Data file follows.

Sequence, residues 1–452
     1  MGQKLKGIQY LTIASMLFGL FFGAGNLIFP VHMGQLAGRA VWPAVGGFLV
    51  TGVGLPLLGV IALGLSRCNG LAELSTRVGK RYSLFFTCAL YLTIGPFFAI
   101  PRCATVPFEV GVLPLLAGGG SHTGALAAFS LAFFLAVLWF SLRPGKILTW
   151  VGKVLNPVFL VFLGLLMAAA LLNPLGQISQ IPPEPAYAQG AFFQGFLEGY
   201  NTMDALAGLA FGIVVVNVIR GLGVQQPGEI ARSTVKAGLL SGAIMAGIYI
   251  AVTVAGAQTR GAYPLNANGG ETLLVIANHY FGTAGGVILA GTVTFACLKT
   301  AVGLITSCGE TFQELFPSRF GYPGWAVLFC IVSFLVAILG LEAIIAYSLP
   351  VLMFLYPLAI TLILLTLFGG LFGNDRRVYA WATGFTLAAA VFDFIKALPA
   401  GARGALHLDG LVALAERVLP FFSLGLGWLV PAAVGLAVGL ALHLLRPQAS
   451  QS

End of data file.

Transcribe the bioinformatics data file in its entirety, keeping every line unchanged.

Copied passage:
Sequence, residues 1–452
     1  MGQKLKGIQY LTIASMLFGL FFGAGNLIFP VHMGQLAGRA VWPAVGGFLV
    51  TGVGLPLLGV IALGLSRCNG LAELSTRVGK RYSLFFTCAL YLTIGPFFAI
   101  PRCATVPFEV GVLPLLAGGG SHTGALAAFS LAFFLAVLWF SLRPGKILTW
   151  VGKVLNPVFL VFLGLLMAAA LLNPLGQISQ IPPEPAYAQG AFFQGFLEGY
   201  NTMDALAGLA FGIVVVNVIR GLGVQQPGEI ARSTVKAGLL SGAIMAGIYI
   251  AVTVAGAQTR GAYPLNANGG ETLLVIANHY FGTAGGVILA GTVTFACLKT
   301  AVGLITSCGE TFQELFPSRF GYPGWAVLFC IVSFLVAILG LEAIIAYSLP
   351  VLMFLYPLAI TLILLTLFGG LFGNDRRVYA WATGFTLAAA VFDFIKALPA
   401  GARGALHLDG LVALAERVLP FFSLGLGWLV PAAVGLAVGL ALHLLRPQAS
   451  QS